28 November 2022

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During the pandemic, countless deliberative processes flourished as online-only formats – among them the Citizens’ Assembly on Democracy in the UK. We at Participation Factory have also run digital-only projects in the past. For example, one of our pilot youth engagement projects linked up school children from Zambia with kids in the Czech Republic and Russia – all of which was only possible thanks to online tools.

There’s no doubt that new digital tools are making participatory processes possible that would have been inconceivable just a decade or two ago.

Here are the top five reasons why you should think very carefully before going digital-only:

1) Online participation requires know-how and access to technology

Conducting a purely online process excludes two groups of people: Those who lack access to digital devices, and those who lack the know-how necessary to participate.

We faced this issue with our youth engagement project: the children in Zambia were tech-savvy, but many of them didn’t have access to their own devices. Luckily, we were able to make arrangements for them to borrow a phone or laptop from their parents. Yet this step significantly complicated the organisation of the project – and solutions like this aren’t always available.

Equally, there is a large number of people who lack the know-how to participate in an online consultation. Remember that even people who use the internet on a daily basis can quickly end up outside their comfort zone if they are expected to use an unfamiliar app or platform.

2) Offline uptake is higher

During lockdown, the internet functioned as a window onto the world – and many of us sat gazing through it for hours on end. It meant that our lives could keep going, from school and work to concerts and even drinks with friends. But as soon as things started opening up again, invitations to online events began to look a lot less attractive.

In our experience, young people in particular are often wary of invitations to participate in an online discussion. While they belong to a generation that is largely digital-native, this doesn’t mean they don’t value the chance for some time on the other side of the window – especially with memories of lockdown still so fresh.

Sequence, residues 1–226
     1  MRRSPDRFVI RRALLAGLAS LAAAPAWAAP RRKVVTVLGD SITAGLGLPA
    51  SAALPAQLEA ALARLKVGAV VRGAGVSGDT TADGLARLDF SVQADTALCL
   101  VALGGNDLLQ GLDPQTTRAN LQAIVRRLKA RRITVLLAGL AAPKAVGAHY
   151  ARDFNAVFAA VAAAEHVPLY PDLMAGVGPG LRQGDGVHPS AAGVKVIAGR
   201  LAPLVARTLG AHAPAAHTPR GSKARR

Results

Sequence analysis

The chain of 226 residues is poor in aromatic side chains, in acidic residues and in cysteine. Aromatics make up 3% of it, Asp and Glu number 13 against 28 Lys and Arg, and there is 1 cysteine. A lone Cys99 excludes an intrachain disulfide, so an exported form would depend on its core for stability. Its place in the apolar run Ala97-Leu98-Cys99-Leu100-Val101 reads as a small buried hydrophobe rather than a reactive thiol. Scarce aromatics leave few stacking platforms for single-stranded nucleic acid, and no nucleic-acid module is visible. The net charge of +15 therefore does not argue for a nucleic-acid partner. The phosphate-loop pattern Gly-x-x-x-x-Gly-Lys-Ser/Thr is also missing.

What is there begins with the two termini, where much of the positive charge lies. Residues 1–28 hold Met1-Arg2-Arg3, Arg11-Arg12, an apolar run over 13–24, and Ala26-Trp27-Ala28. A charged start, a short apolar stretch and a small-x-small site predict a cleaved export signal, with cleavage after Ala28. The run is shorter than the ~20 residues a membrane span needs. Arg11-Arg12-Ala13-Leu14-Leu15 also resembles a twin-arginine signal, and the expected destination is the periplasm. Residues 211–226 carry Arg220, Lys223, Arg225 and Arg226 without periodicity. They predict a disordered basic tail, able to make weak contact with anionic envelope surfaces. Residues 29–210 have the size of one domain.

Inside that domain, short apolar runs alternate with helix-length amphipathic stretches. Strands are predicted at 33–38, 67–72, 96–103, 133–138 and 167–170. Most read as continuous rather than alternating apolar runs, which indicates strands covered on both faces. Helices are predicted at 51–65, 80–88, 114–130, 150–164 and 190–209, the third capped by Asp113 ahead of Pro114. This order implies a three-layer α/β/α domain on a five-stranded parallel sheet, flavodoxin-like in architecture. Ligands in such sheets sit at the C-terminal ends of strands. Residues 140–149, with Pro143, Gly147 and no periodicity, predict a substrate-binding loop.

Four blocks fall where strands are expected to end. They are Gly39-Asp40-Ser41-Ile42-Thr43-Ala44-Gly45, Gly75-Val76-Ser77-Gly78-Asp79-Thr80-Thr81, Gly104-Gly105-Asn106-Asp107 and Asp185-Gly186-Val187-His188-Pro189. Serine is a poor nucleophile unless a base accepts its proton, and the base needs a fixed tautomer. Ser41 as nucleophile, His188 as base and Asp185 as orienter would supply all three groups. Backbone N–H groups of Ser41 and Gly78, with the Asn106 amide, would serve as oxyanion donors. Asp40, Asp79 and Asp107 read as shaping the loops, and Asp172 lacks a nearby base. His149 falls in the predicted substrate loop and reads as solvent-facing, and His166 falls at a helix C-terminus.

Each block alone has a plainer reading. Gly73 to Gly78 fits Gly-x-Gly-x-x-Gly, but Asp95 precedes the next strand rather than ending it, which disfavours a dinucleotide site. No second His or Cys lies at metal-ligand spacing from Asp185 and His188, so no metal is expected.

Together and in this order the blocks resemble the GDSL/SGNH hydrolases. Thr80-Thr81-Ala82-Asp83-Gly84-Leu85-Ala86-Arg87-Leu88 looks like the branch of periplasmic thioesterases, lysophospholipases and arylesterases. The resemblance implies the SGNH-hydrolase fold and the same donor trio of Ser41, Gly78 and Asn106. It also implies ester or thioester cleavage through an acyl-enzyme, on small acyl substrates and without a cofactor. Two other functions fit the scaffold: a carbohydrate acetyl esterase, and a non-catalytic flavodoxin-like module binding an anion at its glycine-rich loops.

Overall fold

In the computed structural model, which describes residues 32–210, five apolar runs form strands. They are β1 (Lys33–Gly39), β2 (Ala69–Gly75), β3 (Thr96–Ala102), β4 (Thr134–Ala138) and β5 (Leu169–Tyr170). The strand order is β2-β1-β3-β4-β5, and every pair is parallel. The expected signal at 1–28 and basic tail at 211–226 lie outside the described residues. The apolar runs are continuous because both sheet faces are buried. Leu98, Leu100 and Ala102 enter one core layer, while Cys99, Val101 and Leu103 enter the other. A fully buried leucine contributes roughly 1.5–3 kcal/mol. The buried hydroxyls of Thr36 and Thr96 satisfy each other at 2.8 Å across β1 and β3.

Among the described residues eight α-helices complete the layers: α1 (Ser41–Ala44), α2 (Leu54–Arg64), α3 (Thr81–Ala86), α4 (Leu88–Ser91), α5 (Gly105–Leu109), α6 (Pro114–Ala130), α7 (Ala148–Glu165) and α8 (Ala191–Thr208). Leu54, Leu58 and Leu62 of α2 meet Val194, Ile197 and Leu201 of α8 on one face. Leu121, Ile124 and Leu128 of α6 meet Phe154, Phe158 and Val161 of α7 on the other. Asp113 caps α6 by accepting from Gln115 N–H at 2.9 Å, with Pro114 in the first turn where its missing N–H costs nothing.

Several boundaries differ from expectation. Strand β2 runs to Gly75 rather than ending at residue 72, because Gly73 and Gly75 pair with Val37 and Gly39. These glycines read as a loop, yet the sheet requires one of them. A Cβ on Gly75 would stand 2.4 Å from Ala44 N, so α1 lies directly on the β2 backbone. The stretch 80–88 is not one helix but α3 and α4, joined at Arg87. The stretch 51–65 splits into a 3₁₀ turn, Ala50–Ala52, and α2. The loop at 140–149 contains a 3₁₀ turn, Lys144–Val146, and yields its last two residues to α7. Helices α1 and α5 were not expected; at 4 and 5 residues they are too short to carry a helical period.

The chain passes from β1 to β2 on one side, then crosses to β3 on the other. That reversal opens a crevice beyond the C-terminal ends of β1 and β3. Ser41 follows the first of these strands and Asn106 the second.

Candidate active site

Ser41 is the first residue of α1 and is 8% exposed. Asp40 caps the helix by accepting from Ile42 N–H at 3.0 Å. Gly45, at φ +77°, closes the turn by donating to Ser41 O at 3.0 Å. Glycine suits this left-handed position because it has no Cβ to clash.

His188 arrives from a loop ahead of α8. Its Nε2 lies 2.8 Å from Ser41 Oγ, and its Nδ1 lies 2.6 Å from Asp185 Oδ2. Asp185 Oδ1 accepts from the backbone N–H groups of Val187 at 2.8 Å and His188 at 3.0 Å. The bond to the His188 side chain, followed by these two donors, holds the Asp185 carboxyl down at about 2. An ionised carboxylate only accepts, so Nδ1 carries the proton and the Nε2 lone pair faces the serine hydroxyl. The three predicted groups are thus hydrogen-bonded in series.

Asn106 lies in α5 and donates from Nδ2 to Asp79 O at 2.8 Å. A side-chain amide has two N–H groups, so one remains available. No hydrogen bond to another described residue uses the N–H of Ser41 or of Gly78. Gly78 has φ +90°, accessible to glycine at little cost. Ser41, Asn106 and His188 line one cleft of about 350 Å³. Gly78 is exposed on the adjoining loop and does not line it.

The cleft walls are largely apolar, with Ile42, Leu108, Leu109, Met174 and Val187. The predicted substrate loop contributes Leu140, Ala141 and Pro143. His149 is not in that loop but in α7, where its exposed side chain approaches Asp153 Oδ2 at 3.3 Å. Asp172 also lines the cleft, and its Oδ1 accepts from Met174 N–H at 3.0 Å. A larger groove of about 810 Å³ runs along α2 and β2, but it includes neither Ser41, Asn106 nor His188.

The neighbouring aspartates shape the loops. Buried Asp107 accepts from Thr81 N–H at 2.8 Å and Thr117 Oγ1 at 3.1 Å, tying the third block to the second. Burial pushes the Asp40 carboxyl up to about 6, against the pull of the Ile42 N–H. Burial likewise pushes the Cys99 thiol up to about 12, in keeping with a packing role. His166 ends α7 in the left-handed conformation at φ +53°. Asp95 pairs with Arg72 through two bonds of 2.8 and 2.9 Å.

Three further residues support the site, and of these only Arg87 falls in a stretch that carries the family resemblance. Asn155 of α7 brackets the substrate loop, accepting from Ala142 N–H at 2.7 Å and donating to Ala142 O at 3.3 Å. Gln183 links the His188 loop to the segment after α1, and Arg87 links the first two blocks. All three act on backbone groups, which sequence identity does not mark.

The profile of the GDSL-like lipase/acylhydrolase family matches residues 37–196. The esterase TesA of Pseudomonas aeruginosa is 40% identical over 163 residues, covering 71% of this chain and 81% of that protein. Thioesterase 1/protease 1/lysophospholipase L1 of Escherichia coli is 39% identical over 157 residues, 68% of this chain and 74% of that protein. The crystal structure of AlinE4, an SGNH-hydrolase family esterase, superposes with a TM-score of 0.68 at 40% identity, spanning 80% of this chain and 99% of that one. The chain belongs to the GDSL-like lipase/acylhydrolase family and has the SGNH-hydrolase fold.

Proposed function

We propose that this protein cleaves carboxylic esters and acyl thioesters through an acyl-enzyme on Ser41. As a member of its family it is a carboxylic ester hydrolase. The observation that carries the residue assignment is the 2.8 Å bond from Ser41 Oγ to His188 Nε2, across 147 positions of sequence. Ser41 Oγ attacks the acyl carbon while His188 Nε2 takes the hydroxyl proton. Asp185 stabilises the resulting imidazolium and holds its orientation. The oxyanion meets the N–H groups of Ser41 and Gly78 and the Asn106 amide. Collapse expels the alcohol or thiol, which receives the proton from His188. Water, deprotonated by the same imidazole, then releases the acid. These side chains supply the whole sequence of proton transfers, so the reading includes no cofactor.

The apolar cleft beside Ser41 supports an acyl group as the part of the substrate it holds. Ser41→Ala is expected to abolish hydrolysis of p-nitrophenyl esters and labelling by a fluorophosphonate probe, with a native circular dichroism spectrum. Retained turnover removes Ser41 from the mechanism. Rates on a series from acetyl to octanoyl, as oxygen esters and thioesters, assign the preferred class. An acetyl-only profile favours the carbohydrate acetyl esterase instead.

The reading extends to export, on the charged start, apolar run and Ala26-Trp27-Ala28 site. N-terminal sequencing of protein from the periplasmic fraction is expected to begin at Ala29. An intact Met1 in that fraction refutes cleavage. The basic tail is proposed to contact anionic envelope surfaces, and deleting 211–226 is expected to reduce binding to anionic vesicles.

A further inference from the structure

3) People are more engaged in person than online

Our attention span is limited looking at screens. We can focus much longer in person, we can take breaks together etc. Online, we have a few minutes of focus, before people start drifting off.

This year’s Conference on the Future of Europe used a combination of online and offline sessions. Engagement online was noticeably harder to pull off. People weren’t there physically, so it was harder to figure out how to engage people: What are they thinking, who wants to talk? If you are going digital-only, make sure you consider how to facilitate an online discussion to get the most out of it.

4) The personal touch

Simply put: There’s a certain magic in sitting down in person for a coffee break. It’s easier to engage with someone in a deliberation process if you have had a chat with them between sessions. In an online space, we tend to be much more to the point. We’re here for a specific reason for a certain amount of time, and have a job to do. We run the risk of treating other people as work functions!

In person meetings can also have a positive knock-on effect for digital formats. If online meetings are preceded by at least one in-person meeting, the dynamic between participants during online sessions will be better.

5) Choice is key

None of this is to say that digital participation doesn’t have an important role to play. Offline-only processes come with major drawbacks of their own, and exclude a large number of people. The best option is to use a hybrid format, and allow people to choose for themselves.

There are countless people who can only participate thanks to digital tools – say, a single parent who can’t arrange childcare to go and attend a meeting in person. Or take the example of a refugee who has just arrived in the country. For someone who is only just getting to grips with the local language, it can be hard to speak up. Engaging online is a great solution. They can use online translators for things they don’t understand, or write comments at their own pace, whenever they like.

Sometimes, it’s just about convenience. It’s worth remembering that people are busy – the more flexibility you offer them, the more likely they are to see a process through.

Finally, remember that it doesn’t have to be a matter of either/or: During a strategic planning process for the Prague 1 participatory budget, some people came to every meeting, whether online and offline, because they wanted to be part of all the discussions.

A Sense of Community

Ultimately, offline encounters contribute to a sense of community. They can help us move away from the idea of individuals working for their own interest, and foster an environment where everyone works together as a team. For the time being, this is still easiest to achieve through meetings in the offline world.

This article was produced in cooperation with Participation Factory. Participation Factory is a social enterprise that mainstreams participation and data-driven approaches into governance and process design. Our experts support local governments in designing participation driven processes and systems, building capacities of their team, and implementing digital participation tools and Civic Tech. To learn more, refer to our website or contact us at info@participationfactory.com.

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